My wife had clearly written “Cheerios” on the scavenger hunt list, but after seeing I could easily save three dollars by buying the store brand, I did the right moral thing.

Sure, I personally would prefer the real version, but I also would prefer to save three dollars more than the classic perfect taste of that General Mills goodness.

As I was about to make room for the Kroger version of Cheerios in the pantry, I noticed there was only a little bit left of the actual Cheerios still in the bag. I learned at the grocery store that my daughter already has brand recognition with that yellow box.

So I emptied the remaining few ounces of the real Cheerios out of the bag and poured them into the fake Cheerios bag. Then, I placed that entire mixed bag into the actual Cheerios box.

The next several days will serve as a proving grounds, as to whether my daughter will know the difference. If this works, I will feel very accomplished.

This will be a major win.

If it doesn’t work, I’ll have a disappointed, intuitive little girl who will call me out on my bluff without; being able to necessarily legitimately say the words.

She will likely scold me with, “Dad-da Cheer-cheer, no no Cheer cheer!”

Either way, with pride, I shall embrace my identity as the cheap dad who takes just a little bit of the fun out of life, for the sake of saving a few bucks.

Why have Cheerios when you can have Toasted Oats?

Stay-at-Home Dad 101: Don’t Drink (Coffee) and Drive (the Grocery Cart)

I found out this afternoon while doing a mid-week grocery store run for my wife, that it’s not as easy as one might think, to push the grocery cart with a kid, while drinking coffee.

As I entered the Super Kroger in Spring Hill, Tennessee, I thought to myself, “Okay, this is my first time as an official stay-at-home dad buying groceries. Enjoy this errand and make it part of your identity. This is part of your job now. So… what would my wife do in this situation to make it more fun?”

And there it was, Starbucks. She would definitely buy a $5 coffee to begin her journey. So I ordered an Eggnog Latte with coconut milk, as my daughter played inside the two-seater Kozy Coupe-looking car attached to the front of the shopping cart.

I tried to order the manliest drink I could think of, but unfortunately, they don’t make the Spicy Mocha that High Brew in Franklin makes: cayenne, cinnamon, and mocha.

Once the nice young man handed me my unregulated caffeinated beverage, I made my way towards to organic section. But immediately, I found out it’s quite difficult to make a right turn when your right-handed and are pushing a shopping cart with a giant car attached to the front of it, still while holding a $5 drink in your other hand.

How was I going to make it all the way through a ten acre grocery store without spilling my coffee?

The answer: I wasn’t.

Historically, I have stayed home with the kids while my wife buys the groceries early on Saturday morning. I have yet to memorize where everything is in that grocery store so big it needs its own zip code.

Some of the items on the “scavenger hunt” were in the baby section, some were in the organic section, and some were just mixed in with the regular stuff.

In case my Instagram photo doesn’t show the details, then just believe me:

Each time I suddenly had to jerk the cart to make a turn in time, or simply bumped into the corner of the aisle I was trying to enter, an eager ounce of the Starbucks magnificently shot out of the adult sippy lid of my coffee cup and landed in the cart.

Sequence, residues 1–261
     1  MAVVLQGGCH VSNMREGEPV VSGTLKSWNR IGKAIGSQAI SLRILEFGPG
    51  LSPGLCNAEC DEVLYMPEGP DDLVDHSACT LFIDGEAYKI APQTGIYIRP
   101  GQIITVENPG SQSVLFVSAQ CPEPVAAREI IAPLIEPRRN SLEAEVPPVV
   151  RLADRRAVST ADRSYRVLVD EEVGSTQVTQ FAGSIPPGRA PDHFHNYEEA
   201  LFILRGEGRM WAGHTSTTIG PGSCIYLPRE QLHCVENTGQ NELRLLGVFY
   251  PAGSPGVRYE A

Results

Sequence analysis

Needless to say, my daughter’s clothes still smell of Eggnog Latte, as she had eventually exited the faux Kozy Coupe and asked me to place her in the normal kids’ seat; right where the majority of the two dollars’ worth of Starbucks had made a miniature puddle.

I know there will be a learning curve to this stay-at-home dad thing, but today I learned that I shouldn’t be drinking Starbucks and driving the grocery cart.

They Finally Tore Down the Rock Silo Tower in Spring Hill, Tennessee on Highway 31 on December 4, 2017

Yesterday morning at 9:30 AM as I was driving my daughter to her 18 month-old check up, I happened to look over and see a bulldozer clearing the brush around the iconic rock silo tower on Columbia in Spring Hill, Tennessee.

Less than an hour later, as I drove back to my house which is just about a mile away from the silo, my speculations were accurate:

They had completely flattened it. Only rubble remained.

Later that afternoon, I kept getting notifications from the “i heart spring hill (TN, y’all)” Facebook group after a professional photographer named Rick Sweeney happened to also be driving by, and took pictures of the event.

It was somewhat of an emotional response that I was seeing in the comments of his photos. I feel like it was just an unspoken agreement for anyone who lives in Spring Hill, that we perceived that old rock silo tower as one of the town’s official landmarks; though we never really talked about it.

By the way, a very special thank you goes out to Rick Sweeney for allowing me to use his photos to illustrate this story. Here is a link to more of his work, beyond the silo:  Rick Sweeney Photography.

My family moved to Spring Hill three years ago. I always knew it was a matter of time before whoever has holding on to the property finally decided to sell their family’s land and instantly become millionaires.

So exactly three years ago I took my son out to the silo and took some pictures with him there. I wanted to provide a special way to remind him of that place years after it was torn down.

I also filmed an episode of one of my YouTube shows, Uncle Nick’s Enchanted Forest, on location at the silo.

After that, I made my peace with it; knowing it would probably be a few months later before the tower was destroyed.

Fortunately, I was wrong. It took a couple of years. Yesterday was the day: December 4th, 2017.

This event is the modern day Spring Hill version of, “They paved paradise and put a parking lot.”

We all knew this day would come.

I will miss you, old abandoned rock silo tower that no one really talked about until know.

We don’t know what we got ’til it’s gone.